Editorials

Photodynamic therapy for low risk prostate cancer

BMJ 2017; 356 doi: https://doi.org/10.1136/bmj.j575 (Published 08 February 2017) Cite this as: BMJ 2017;356:j575
  1. Chad R Ritch, assistant professor,
  2. Sanoj Punnen, assistant professor
  1. Department of Urology, University of Miami Leonard M Miller School of Medicine, Miami, FL, USA
  1. Correspondence to: C R Ritch critch{at}miami.edu

No substitute for active surveillance yet

Prostate cancer is the second most common cancer in men. However, a substantial proportion of the cancers diagnosed annually are low risk: clinical stage ≤T2, prostate specific antigen (PSA) <10 ng/mL, and Gleason score 6 (3+3).1 2 3 Management options include surgery, radiotherapy, ablative therapy, and active surveillance. Active surveillance, which involves prostate biopsies and PSA tests at scheduled intervals, with intervention when indicated is the preferred choice for most men with low risk disease. Surgery and radiotherapy, though effective at eradicating the cancer, are considered radical treatments with associated sexual and urinary side effects. Ablative therapy (cryotherapy, high intensity focused ultrasound, electroporation, and laser guided photodynamic therapy) is considered less radical, particularly when used to ablate just the tumour (focal therapy), and possibly less harmful to sexual and urinary function.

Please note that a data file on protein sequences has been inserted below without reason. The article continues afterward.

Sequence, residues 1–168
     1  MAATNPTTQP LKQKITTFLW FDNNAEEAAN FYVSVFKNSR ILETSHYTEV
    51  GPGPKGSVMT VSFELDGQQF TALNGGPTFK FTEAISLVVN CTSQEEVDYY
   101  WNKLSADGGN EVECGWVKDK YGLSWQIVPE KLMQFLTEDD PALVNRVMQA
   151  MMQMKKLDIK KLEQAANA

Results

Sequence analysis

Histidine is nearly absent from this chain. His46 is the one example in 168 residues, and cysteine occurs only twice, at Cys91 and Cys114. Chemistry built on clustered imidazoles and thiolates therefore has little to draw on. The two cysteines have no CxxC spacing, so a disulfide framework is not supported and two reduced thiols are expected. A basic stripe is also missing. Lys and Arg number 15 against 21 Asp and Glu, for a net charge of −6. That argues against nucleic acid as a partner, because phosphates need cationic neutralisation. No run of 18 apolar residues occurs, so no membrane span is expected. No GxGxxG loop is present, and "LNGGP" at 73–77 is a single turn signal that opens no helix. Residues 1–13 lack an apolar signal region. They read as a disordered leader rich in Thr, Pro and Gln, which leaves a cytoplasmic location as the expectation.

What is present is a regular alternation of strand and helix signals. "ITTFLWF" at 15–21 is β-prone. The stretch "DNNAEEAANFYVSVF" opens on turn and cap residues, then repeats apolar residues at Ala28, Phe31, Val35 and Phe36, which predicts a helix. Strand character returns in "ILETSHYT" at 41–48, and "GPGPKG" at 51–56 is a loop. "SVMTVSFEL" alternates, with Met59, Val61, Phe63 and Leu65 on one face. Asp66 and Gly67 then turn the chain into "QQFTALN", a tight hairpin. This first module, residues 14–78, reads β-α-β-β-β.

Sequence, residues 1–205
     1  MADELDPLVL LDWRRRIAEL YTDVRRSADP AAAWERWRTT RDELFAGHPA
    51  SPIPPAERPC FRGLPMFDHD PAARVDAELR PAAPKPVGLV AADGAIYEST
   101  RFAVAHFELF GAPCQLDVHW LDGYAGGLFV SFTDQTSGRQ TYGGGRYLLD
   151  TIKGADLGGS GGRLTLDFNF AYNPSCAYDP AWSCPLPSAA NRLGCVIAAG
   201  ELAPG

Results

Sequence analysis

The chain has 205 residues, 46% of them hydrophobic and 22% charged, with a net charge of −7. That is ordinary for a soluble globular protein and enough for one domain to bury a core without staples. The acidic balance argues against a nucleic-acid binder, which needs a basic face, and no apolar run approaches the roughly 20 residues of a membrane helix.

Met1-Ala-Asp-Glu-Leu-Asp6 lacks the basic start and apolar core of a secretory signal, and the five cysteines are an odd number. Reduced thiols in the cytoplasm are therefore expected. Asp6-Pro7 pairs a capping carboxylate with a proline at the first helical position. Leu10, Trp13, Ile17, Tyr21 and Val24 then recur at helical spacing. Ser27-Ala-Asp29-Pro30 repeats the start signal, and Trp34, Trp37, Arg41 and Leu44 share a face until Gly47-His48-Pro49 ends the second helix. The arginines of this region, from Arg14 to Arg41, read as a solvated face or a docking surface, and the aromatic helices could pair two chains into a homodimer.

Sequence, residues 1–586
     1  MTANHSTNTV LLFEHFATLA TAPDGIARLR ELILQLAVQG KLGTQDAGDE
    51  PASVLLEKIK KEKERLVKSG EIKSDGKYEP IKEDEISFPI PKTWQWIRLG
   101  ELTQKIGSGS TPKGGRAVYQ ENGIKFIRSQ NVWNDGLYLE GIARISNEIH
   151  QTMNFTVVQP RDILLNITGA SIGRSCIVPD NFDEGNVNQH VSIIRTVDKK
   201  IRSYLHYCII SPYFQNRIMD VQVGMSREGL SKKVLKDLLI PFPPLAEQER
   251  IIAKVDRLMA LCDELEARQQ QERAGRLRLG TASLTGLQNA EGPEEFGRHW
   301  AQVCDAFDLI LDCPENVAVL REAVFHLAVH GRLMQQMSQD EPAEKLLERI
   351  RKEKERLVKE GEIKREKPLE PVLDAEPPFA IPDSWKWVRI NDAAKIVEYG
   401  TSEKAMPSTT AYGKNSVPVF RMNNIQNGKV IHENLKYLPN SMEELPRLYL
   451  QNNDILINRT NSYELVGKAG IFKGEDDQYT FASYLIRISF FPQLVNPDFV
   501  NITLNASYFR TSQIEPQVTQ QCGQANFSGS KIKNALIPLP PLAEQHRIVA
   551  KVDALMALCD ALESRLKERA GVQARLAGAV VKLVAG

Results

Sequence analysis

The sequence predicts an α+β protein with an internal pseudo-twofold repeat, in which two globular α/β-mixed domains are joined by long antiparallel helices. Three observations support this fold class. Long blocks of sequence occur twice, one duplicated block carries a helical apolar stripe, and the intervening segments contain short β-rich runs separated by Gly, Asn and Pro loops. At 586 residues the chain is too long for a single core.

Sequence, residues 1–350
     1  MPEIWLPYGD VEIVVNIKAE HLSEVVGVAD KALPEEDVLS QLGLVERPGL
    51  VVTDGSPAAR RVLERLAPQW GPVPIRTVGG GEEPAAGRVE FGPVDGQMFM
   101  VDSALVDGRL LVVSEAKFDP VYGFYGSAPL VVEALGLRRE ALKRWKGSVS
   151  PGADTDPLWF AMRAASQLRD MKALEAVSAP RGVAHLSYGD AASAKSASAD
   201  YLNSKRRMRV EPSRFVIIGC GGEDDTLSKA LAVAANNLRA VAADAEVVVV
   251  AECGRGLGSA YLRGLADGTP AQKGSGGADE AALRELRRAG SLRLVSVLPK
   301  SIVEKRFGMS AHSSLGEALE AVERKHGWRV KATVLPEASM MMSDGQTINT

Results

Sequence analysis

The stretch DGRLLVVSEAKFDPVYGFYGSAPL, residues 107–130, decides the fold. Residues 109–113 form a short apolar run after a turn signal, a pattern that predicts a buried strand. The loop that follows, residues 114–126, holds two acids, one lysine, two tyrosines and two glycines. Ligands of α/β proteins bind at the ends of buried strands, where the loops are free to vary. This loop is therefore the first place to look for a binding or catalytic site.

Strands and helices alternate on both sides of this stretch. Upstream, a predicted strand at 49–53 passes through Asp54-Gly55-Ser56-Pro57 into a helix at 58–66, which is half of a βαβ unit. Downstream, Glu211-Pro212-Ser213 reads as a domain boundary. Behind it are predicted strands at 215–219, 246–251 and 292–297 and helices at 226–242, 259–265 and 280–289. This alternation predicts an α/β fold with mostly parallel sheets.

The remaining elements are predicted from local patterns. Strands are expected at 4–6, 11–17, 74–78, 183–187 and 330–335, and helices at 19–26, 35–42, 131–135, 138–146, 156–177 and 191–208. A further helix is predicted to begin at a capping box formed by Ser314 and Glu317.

There is undeniable evidence that the risk of death from low risk prostate cancer is, as the name suggests, low.4 5 6 Then why do we …

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